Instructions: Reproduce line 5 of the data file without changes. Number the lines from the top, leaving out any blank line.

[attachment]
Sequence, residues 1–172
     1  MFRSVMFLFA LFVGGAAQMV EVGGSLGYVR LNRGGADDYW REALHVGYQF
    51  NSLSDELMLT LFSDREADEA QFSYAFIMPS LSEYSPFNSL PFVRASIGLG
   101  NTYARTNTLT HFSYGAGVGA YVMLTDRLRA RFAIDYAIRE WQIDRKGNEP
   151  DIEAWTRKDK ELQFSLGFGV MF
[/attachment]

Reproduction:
   151  DIEAWTRKDK ELQFSLGFGV MF